The iPod is perhaps the most talked about technological product in recent times. It has set sales records that have lave literally destroyed the predictions of all analysts by superseding everyone’s expectations. The interesting issues concerning this topic is how the iPod impacted not only the digital Music electronics industry, but was also responsible for the turnaround of a company on the brink of bankruptcy.
It is this very fact that makes the growth and life cycle of iPod an experience in itself and one that creates a sense of wonder at its success. But how did all this come about and just why did the iPod do so well? These are questions that we look to find answers towards whilst shedding light on the internal pressures faced by the parent company Apple.
The paper takes the reader through the history of the parent company Apple and its declining fortunes until the introduction of the iPod. This revolutionary innovation then dictated the pace at which the organisation was able to turn itself around to become one of the more successful computer companies in the world today. The report also looks at how Apple as a company defines itself with the onset of the iPod boom – can it still call itself a computer company in the literal sense of the word or does it now see itself entering a diversified phase of business operations and hence, would need to re-think it’s overall business strategy and core competencies.
The views of different writers expressed through the paper help in building an understanding of the pressures the company has undergone over the last decade and why it has taken the decisions that it has. The paper revolves around the growth of the iPod as the key driving force for all major business and technical decisions, it understand how it had to be re-modelled and adapted to the market needs and demands. The paper also paints the competitive landscape at different stages of the growth cycle and how this impacted or did not impact the iPod.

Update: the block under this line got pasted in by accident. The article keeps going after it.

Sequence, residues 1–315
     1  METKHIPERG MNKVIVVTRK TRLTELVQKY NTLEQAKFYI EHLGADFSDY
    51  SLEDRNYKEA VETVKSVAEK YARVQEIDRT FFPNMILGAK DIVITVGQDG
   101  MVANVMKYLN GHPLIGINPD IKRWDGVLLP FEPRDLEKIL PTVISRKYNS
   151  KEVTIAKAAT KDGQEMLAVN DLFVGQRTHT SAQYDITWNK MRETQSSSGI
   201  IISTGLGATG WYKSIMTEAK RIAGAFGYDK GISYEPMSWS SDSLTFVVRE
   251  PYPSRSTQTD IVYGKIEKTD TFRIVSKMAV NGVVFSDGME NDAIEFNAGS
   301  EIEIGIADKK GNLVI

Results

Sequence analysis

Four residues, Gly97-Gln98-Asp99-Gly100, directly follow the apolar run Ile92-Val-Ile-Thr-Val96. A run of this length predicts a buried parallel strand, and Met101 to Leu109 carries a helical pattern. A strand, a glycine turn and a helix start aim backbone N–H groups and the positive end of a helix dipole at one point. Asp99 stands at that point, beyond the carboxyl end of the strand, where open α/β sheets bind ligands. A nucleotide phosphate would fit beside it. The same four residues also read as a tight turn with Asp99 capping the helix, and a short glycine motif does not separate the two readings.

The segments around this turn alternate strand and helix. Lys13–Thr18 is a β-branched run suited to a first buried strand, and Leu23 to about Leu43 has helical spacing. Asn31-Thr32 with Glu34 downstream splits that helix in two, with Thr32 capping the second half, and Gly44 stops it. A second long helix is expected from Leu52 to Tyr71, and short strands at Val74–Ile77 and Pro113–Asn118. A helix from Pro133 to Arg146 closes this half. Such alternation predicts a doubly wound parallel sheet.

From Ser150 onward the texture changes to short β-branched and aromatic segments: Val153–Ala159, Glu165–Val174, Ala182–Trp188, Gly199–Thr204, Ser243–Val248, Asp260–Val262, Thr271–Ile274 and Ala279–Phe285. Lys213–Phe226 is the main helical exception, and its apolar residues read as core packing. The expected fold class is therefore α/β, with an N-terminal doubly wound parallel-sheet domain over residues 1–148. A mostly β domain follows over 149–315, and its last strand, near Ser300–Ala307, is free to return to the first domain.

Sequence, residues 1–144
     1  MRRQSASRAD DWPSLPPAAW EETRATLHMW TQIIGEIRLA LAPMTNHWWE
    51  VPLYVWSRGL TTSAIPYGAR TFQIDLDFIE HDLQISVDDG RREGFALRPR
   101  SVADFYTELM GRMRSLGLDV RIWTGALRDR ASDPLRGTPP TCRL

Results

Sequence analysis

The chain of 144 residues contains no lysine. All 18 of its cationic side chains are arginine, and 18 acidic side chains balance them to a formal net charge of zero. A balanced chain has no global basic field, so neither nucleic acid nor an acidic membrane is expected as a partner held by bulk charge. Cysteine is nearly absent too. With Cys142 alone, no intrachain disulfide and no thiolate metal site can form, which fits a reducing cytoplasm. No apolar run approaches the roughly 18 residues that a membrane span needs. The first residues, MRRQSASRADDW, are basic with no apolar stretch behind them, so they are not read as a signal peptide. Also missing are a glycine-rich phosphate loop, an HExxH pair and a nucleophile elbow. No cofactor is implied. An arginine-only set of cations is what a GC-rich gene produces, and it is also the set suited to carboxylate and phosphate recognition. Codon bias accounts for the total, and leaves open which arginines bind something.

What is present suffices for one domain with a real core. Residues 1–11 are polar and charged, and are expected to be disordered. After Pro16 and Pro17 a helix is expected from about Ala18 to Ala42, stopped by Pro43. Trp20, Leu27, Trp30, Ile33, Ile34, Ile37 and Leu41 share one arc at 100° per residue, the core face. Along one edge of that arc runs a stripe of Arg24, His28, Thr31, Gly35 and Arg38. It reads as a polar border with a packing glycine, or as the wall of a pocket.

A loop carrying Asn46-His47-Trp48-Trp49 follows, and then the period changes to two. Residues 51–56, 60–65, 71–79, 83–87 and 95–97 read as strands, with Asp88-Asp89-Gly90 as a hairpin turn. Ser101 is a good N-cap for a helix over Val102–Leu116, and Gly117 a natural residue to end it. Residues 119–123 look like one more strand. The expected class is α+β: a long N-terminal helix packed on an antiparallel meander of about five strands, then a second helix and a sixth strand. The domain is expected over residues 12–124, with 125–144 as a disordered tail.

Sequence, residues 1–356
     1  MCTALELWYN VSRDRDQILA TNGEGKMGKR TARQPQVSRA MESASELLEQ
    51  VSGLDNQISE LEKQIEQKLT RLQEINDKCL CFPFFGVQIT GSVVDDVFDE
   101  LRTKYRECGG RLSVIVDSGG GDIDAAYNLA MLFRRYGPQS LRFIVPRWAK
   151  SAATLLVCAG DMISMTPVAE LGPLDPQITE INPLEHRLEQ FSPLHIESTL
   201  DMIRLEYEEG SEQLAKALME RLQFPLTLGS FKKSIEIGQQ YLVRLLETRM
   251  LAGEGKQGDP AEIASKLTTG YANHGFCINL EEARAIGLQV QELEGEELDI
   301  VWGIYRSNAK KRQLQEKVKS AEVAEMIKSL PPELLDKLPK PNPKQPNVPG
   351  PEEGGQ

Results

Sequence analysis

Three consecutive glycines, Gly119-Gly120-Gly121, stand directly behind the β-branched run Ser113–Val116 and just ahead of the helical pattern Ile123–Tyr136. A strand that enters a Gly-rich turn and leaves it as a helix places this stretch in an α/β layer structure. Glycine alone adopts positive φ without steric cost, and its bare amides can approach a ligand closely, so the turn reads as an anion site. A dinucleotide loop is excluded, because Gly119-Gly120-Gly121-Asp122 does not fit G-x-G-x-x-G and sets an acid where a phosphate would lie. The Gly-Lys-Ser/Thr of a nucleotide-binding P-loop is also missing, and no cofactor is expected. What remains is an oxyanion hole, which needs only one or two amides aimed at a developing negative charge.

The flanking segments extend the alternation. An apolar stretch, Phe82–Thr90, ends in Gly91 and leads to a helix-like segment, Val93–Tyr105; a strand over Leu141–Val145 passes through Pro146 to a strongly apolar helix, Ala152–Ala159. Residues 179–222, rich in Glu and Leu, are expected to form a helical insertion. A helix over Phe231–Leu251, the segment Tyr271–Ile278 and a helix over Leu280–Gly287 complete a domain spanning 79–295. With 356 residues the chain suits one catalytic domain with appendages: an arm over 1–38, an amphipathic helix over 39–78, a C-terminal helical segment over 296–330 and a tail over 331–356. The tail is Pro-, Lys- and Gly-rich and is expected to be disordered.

Finally, the paper looks at the varying consumer tastes, the positives drawn from the product itself and what lies in store for the future of the product and the company. The methods used to create a deeper understanding of the iPod environment were through a variety of primary and secondary sources. Some of this is discussed in greater detail in different section of the paper. However, for the purpose of this report, the researcher took great care in trying to put together different pieces of work by various writers so as to be able to provide more holistic and all-encompassing view of the real scenario that surrounded the iPod boom. On a more generic note, most writers and experts within the industry agreed that the success of this product was unrivalled by others of its kind in recent times.
Success stories always find their way to centre-stage. But what makes a journey even more interesting is when accompany that finds itself in some level of difficulty turns the tide and jump starts its engines to climb to the top of the success ladder. Apple’s is one such story. Whilst the problems that affect it lie in the background, the phenomenal success of its iPod has people fascinated. Marketing gurus swear by the growth of this innovative product that provided the perfect solution to a generation that was technologically familiar and defied competition to control every conceivable bit of the market that it entered – the digital music space, and made it its own. How and why is what we attempt to discover.